As far as nutrition in general, the body can’t store protein, so the most important thing is to make sure you’re eating BOTH protein and carbohydrates throughout the day, breakfast included.

    UA dietitian Rebecca Dent recommends “Uphill Athletes consume 1.4–1.6 g/kg/BW), and for some a higher protein intake of 2 g/kg/BW may be necessary. Protein intake should be spread evenly throughout the day at 4-hour intervals as meals (~0.3 g/kg/BW) and snacks. This protein should come from good-quality protein sources that provide the essential amino acids required for muscle mass (e.g., animal proteins such as meats, fish, dairy, and eggs and complete plant proteins such as tofu, Quorn, hemp, and quinoa).” (from this article: https://uphillathlete.com/nutrition-injury-recovery/ )

    The overall guideline is: Listen to your body and respect what it’s saying. This is a lifelong process, not a sprint.

    Participant
    Avni Bildhaiya on #67323

    Thank you so much for the detailed answer ?

    My UA coach is really nice and helps with making the training around the, but i sometimes think female perspective helps a lot.
    Specifically felling good in the second half is new to me.

    Thanks a lot for your help.

    Moderator
    Jane Mackay on #67324

    You’re welcome. I’m glad it’s helpful.
    I did find as I moved through my 30s into my 40s (I’m 51 now) that the pre-period week started to affect me more strongly with low energy, etc. What I really noticed probably from early 40s onwards was that during the 2-3 days around ovulation, I’d just be flattened. So that’s something to consider when you’re looking at the timing of this.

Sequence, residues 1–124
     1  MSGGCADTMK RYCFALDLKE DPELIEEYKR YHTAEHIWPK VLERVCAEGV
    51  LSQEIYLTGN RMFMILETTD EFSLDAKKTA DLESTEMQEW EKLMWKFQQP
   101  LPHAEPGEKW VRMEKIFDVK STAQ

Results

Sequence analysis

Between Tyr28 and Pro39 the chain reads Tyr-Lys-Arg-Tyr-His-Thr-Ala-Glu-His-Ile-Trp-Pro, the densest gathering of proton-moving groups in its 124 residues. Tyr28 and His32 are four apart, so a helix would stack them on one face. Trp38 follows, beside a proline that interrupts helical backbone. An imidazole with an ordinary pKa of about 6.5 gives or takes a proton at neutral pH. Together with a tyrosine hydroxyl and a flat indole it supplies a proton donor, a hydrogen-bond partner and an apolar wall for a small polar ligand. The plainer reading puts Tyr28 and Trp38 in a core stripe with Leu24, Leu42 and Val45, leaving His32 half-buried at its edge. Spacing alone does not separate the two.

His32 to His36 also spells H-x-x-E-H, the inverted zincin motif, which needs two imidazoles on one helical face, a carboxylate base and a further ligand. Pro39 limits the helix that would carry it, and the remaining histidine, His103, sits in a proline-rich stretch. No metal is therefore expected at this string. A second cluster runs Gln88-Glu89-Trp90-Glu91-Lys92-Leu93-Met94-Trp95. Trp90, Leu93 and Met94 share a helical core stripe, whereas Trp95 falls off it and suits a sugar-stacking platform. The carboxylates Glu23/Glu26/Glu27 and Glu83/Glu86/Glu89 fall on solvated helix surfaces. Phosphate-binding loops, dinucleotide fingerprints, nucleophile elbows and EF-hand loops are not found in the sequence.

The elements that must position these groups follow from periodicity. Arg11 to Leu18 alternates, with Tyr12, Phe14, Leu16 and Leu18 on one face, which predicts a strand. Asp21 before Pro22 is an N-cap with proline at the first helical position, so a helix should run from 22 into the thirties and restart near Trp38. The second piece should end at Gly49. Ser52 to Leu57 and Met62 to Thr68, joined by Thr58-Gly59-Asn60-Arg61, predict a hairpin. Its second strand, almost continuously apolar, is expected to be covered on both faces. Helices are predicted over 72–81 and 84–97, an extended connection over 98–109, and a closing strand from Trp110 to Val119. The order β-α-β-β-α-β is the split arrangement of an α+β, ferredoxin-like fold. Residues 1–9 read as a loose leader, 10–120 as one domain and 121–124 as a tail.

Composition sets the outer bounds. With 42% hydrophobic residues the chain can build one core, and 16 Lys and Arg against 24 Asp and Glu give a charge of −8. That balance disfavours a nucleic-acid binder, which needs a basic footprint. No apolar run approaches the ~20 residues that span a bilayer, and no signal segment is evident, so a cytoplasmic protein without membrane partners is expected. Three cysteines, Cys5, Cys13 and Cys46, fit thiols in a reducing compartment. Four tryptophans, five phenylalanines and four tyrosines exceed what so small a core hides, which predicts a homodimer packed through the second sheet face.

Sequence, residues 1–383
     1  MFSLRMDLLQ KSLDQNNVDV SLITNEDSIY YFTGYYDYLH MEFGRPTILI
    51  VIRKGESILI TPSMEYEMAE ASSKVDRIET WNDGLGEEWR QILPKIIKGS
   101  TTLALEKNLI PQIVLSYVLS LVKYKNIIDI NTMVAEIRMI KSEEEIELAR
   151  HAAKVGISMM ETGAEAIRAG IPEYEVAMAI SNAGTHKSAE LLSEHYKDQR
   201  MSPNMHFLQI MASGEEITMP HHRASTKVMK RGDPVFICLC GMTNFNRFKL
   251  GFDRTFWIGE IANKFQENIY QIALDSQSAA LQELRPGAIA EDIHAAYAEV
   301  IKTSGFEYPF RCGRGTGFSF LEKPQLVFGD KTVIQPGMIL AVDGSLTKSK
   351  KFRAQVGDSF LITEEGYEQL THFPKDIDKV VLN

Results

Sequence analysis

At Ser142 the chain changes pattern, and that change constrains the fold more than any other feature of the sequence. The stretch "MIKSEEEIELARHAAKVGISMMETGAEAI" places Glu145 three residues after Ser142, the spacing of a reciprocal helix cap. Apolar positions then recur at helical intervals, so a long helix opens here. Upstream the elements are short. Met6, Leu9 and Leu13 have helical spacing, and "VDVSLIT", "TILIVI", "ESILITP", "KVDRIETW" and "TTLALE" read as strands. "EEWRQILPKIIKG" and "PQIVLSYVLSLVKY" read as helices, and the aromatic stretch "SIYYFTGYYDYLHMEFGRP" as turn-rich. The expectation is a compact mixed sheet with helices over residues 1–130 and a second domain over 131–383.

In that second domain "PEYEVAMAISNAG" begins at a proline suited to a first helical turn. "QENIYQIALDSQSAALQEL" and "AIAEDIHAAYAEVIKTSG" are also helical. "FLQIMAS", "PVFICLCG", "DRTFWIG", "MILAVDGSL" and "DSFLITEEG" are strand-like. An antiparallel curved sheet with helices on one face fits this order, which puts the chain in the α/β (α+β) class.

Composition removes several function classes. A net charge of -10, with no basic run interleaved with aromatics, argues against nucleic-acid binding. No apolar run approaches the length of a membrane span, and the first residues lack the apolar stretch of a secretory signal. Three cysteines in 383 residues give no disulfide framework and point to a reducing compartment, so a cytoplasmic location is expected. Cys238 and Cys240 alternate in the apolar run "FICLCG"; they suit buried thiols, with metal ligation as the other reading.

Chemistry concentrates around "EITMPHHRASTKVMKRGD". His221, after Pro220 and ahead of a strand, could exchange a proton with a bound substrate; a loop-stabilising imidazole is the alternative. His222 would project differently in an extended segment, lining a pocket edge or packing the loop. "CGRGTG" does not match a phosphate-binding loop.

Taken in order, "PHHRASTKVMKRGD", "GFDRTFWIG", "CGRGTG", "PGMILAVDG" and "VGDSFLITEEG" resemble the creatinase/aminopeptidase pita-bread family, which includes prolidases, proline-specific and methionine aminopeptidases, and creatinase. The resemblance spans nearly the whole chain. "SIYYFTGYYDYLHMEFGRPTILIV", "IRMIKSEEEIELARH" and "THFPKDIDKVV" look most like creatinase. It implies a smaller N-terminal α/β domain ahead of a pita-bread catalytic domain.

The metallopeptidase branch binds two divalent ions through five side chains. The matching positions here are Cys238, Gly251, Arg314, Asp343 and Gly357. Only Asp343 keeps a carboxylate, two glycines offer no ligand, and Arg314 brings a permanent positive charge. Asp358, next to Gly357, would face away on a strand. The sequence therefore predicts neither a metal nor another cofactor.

– Jane

    Participant
    emilieskadi on #67567

    This is good stuff Jane and Avni! I think it’s important to remember that we are all SOOOO individual. I’ve had women scoff at me when I say my cycle effects my performance since it does nothing to them. Trying to gauge how YOU and your body will perform based on how other’s perform is tough. However, it’s GREAT to have open conversation about it to normalize the fact that it CAN effect us and in a lot of different ways!

    I have noticed certain muscle groups really check out for me. The day I start my period my abs are just checked out. This makes a REALLY long run hard. I have started my period in long races before and that SUCKS! I have pulled from a race thinking that I would hurt myself because I wasn’t able to engage my core and protect my back/hips/body like I should with abs just totally not doing their job!

    Over the last few years having a trainer and being super open about where I’m at in my cycle and what it’s doing to me has shed some light for sure. however, it’s STILL a bit all over the place. I’m in my mid 40s now and I just seemed to start noticing that I was checking out in the strength dept a bit during ovulation. That was new to me! (Interesting to hear that you noted that as well Jane). Additionally, I had one day where my trainer kept having to check her notes to review my weights since I was SOOOOOO flat. I’m usually a pretty solid performer in the weight room. Nothing fancy I would say but I’m consistent. Not these last few months! My cycle has been REALLY messing with me in the weight room. So we just back off, schedule more easy runs and just work around what my body is deciding to give me!